According to still other media reports, this newest wave – of, well, whatever is happening – may again be lining up along the same ethnic fault lines that did so much to fuel the mass killings of 1994. At that time, between 500,000 and a million Tutsi and non-ethnic extremist Hutu were killed – serving up the harrowing back story for films such as “Hotel Rwanda”. These killings continued with little outside hindrance as western nations failed to intervene due to their earlier intervention disaster in Somalia – as well as their growing preoccupation with the killing in a rapidly disintegrating Yugoslavia. And besides, Rwanda was so very far, far away.
Not surprisingly, these current troublesome developments in Rwanda are now getting increasingly poor grades from international human rights watchers. A new report from the International Refugee Rights Initiative and the Refugee Law Project charges Rwanda is now drawing upon the legacy of the 1994 genocide to repress Hutus – and refugees now living in Uganda are afraid to return home. Human Rights Watch has added to these charges in another report, issued in June. The International Refugee Rights Initiative/Refugee Law Project’s report says Rwanda is now drawing on the legacy of the earlier genocide there to repress the Hutu population through torture, imprisonment and murder. Or, as the report says: “This situation threatens to shatter Rwanda’s outward peace and prosperity as the cycles of violence” based on ethnicity return.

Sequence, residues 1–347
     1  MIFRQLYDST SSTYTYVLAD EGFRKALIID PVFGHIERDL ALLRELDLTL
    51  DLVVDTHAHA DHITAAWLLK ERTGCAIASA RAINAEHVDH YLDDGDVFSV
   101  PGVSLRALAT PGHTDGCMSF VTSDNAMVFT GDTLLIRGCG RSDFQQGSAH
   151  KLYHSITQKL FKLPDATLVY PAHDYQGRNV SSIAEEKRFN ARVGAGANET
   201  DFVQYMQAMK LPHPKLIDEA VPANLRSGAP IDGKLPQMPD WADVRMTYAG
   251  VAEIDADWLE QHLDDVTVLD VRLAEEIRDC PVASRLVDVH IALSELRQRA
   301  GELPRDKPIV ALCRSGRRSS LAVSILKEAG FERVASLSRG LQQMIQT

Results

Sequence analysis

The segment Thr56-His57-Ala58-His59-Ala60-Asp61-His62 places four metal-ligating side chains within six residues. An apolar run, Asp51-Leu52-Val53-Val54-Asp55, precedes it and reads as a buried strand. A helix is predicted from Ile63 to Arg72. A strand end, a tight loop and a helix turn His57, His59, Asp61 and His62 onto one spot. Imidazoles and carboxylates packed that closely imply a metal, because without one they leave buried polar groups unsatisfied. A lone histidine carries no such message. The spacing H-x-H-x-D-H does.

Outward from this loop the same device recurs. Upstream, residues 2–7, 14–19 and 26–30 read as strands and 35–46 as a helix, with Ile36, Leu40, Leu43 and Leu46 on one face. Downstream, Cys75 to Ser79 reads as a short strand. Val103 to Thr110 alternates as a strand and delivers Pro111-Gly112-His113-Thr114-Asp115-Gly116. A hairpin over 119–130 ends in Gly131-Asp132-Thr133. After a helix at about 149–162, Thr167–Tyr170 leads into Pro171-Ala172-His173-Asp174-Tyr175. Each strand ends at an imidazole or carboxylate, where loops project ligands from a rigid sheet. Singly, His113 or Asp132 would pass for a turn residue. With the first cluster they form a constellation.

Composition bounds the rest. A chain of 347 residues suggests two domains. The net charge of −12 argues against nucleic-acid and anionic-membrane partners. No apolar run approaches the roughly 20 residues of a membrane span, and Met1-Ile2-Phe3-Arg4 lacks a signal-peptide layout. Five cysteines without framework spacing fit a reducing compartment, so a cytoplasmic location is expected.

Meanwhile, Ugandan police told AP on Tuesday that the editor of an opposition Rwandan newspaper escaped an attack last week on the outskirts of the Ugandan capital of Kampala when Ugandan police rescued the editor, Jean-Bosco Gasasira. In response, Rwanda’s ambassador to Uganda, Major General Frank Mugambage, shrugged it off, saying it is “nonsense” to believe Rwandan authorities were behind the assault. Well, they would say this, wouldn’t they?